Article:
Ten minutes before sitting down to write this, I finished watching an episode from New Girl’s second season on Netflix. More appropriately, I finished re-watching the episode. I picked the episode after scrolling through the hundreds of other miniature rectangles that bear a different program’s name on Netflix, rectangles that when clicked, lead to something I had never seen before. Some of the titles I didn’t pick looked interesting, like the true crime documentary series The Assassination of Gianni Versace. Some of them looked good, like the mind-bending meta-science fiction series, Black Mirror. Some of them even looked good for me, like Tidying Up with Marie Kondo, a show that I imagine could finally teach me how to throw away that plaque I got for Having the Best Smile on my third grade soccer team that keeps loitering on my desk. I didn’t click any of the rectangular digital posters that led to these new pieces of content. Instead, I retreated back to the “Keep Watching” tab and clicked play on an episode I had already seen.
The worst part of it all is that I don’t even like New Girl. I have nothing against the show itself, it’s just not my taste. I didn’t particularly like the pilot, and I didn’t really enjoy the second episode, but I kept watching for some reason. Soon, I was done with the first season. I was taken away with the rhythm of the show, like a song I couldn’t get out of my head. Finally free from the hypnotic hold it had on me, I got to the end of the series and felt vindicated for all that time I wasted. I vowed to myself to never walk down that path again. I clicked on the pilot again two weeks ago.
Living in a media age that’s travelling at warp speed, wasting time re-watching bad shows seems like the cultural equivalent of deciding to take up chain smoking, or for that matter, deciding to listen to the Chainsmokers. I know that it doesn’t have any inherent value, but I always find myself doing it anyway. So why do I do it?
The most obvious reason, and the reason I use as an excuse most of the time, is that I re-watch shows to relax and lull myself to sleep. I don’t have any science to back this up, and if I did, I’m sure it wouldn’t be in my favor, as I sleep terribly almost every night. Still, a familiar sound that’s just loud enough to make me stop thinking about how cars from the movie Cars have children and just soft enough to allure me into a state of sweet slumber seems like a good idea, so I keep doing it.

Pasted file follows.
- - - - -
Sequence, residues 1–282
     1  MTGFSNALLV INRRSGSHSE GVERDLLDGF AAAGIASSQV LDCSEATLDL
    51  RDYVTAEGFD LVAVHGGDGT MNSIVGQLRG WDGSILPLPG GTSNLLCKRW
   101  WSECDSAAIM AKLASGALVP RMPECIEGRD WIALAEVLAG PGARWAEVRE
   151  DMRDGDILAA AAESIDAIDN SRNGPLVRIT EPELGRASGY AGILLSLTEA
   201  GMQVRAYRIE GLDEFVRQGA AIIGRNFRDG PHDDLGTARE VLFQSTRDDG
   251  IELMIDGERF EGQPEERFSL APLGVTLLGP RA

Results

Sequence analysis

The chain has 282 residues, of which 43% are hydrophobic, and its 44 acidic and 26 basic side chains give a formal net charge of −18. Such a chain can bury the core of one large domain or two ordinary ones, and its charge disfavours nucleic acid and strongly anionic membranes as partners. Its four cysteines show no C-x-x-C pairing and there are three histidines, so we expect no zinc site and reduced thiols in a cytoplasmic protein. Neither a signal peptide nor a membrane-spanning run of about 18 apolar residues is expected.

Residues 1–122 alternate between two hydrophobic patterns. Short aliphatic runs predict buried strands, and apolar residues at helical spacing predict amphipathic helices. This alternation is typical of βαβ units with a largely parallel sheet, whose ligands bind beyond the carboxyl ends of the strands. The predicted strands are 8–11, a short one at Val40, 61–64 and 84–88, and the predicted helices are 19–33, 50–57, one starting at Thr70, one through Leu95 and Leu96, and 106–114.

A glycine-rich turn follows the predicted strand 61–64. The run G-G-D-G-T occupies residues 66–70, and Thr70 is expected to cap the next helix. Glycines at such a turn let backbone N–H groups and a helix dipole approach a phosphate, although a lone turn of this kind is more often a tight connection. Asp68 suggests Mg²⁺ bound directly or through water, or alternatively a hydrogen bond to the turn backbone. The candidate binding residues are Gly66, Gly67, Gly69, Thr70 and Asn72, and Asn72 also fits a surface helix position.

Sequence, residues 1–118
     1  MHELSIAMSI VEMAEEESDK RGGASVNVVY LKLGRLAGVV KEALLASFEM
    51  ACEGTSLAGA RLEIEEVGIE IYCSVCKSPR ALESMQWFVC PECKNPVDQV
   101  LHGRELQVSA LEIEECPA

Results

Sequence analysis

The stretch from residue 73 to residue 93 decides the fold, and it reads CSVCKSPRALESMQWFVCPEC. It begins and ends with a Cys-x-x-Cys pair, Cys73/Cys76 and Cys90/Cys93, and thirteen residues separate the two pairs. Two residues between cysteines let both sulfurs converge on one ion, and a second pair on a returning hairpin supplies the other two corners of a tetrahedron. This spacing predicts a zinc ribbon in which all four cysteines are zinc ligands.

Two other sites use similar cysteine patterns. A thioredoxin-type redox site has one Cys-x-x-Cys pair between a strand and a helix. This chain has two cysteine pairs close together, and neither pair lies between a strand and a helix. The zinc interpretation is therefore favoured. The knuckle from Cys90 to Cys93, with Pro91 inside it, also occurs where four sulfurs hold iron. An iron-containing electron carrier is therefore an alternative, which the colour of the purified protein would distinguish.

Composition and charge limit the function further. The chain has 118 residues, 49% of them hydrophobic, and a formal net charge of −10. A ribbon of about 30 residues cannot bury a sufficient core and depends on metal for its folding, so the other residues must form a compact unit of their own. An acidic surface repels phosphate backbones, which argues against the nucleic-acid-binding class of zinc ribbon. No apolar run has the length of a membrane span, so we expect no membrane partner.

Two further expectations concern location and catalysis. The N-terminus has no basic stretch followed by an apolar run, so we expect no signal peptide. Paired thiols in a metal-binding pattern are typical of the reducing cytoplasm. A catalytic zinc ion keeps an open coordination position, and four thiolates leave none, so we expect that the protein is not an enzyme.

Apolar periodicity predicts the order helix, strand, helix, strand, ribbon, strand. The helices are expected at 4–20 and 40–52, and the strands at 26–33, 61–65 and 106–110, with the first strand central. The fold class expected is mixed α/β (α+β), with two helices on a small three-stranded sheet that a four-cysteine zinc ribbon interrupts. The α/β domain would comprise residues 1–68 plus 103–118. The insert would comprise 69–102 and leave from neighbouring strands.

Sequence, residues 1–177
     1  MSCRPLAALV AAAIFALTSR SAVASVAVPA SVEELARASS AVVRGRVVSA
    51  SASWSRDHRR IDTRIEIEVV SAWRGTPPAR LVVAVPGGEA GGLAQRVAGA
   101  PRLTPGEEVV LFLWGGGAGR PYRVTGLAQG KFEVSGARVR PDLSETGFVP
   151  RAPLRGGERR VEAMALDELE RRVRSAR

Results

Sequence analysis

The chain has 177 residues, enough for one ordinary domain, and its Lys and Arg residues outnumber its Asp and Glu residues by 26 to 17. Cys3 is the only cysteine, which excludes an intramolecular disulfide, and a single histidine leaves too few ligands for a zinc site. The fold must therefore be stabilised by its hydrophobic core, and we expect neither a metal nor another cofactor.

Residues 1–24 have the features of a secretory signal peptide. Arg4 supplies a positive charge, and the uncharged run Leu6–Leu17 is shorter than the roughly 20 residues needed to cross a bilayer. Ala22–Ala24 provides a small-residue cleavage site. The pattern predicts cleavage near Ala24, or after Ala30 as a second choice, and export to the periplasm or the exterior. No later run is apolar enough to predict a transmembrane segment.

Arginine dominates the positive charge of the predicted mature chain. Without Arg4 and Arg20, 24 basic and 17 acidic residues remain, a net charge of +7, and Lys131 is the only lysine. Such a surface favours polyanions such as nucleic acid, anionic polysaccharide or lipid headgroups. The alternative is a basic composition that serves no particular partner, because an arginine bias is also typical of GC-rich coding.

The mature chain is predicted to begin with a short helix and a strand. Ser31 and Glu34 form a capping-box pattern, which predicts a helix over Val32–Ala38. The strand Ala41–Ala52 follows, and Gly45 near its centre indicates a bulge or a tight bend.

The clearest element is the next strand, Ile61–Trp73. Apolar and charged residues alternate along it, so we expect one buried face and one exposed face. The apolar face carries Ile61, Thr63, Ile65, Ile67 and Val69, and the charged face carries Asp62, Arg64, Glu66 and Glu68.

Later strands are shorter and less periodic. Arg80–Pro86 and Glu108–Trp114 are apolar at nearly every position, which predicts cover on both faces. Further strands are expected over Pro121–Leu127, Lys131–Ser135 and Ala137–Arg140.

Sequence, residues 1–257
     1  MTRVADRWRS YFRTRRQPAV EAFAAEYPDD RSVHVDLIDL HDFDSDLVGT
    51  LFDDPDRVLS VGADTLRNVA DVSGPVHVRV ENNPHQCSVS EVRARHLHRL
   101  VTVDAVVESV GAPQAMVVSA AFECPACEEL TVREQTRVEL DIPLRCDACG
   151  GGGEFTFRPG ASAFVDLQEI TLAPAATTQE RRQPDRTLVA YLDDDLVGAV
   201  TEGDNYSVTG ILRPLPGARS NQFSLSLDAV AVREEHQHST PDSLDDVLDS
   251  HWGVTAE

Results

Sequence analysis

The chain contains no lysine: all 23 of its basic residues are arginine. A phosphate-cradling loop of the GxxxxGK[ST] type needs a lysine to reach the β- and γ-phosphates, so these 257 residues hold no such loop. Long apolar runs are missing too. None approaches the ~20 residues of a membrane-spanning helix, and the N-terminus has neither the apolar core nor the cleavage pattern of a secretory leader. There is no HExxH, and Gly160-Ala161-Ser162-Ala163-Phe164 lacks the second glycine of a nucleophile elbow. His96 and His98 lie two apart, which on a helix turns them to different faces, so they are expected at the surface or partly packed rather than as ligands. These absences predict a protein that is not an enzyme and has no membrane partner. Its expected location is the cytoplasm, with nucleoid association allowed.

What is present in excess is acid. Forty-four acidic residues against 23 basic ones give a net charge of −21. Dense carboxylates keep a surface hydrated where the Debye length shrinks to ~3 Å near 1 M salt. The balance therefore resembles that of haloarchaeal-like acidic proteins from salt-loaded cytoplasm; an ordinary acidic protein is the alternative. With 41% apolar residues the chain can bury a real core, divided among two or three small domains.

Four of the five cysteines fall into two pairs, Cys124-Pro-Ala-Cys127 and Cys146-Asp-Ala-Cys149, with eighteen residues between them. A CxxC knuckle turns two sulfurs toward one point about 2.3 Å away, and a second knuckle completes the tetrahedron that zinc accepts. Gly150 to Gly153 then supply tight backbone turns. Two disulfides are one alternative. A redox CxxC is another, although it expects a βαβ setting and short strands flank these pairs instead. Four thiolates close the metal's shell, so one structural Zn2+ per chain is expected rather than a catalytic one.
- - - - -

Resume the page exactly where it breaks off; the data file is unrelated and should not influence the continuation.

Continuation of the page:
Another reason may stem from the way I experience nostalgia while watching something I’ve already seen before. Ah, nostalgia, that feeling we get from visiting our childhood homes or listening to “A-Punk” by Vampire Weekend. The nostalgia I experience from re-watching shows is harder to pinpoint than these two examples though. The sensation doesn’t seem to come from the episodes themselves, but somehow from space between each episode. I can’t pay attention to the plot of the episodes – I already know what’s going to happen. I like the idea of the episodes, though. I can remember the feeling I had before, during and after watching them, and maybe that’s why I keep clicking play, to chase those feelings I semi-remember.
Is there a point to all of this? Probably not. However, I think it’s important to be conscious of it. Re-watching, re-re-watching and re-re-re-watching The Office isn’t inherently bad, but it does rob someone of new and exciting content. Sure, the cost might be losing that warm safety of dialogue you can quote by heart, but the benefit might be the stimulation of creativity and encouragement of deep thought from new forms of content. My advice? Let that queue get weird.